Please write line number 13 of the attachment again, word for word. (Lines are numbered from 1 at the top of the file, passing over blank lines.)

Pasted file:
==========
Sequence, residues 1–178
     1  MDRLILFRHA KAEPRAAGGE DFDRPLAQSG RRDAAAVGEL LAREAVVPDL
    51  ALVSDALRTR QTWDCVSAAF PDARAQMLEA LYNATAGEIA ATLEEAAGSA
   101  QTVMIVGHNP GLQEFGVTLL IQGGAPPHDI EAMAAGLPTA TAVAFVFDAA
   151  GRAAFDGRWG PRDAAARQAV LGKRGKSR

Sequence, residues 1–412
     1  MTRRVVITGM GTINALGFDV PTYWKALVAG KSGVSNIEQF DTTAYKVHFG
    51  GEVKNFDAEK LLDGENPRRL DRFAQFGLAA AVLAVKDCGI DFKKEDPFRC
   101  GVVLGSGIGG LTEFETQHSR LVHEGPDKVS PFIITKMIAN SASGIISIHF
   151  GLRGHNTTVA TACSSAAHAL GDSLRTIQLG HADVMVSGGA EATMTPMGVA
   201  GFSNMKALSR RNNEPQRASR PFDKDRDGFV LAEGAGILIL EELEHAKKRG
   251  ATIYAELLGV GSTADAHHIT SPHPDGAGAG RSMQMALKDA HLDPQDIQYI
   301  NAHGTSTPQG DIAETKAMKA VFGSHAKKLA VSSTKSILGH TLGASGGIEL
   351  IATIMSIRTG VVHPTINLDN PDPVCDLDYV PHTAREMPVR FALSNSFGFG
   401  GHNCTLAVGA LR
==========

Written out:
   301  NAHGTSTPQG DIAETKAMKA VFGSHAKKLA VSSTKSILGH TLGASGGIEL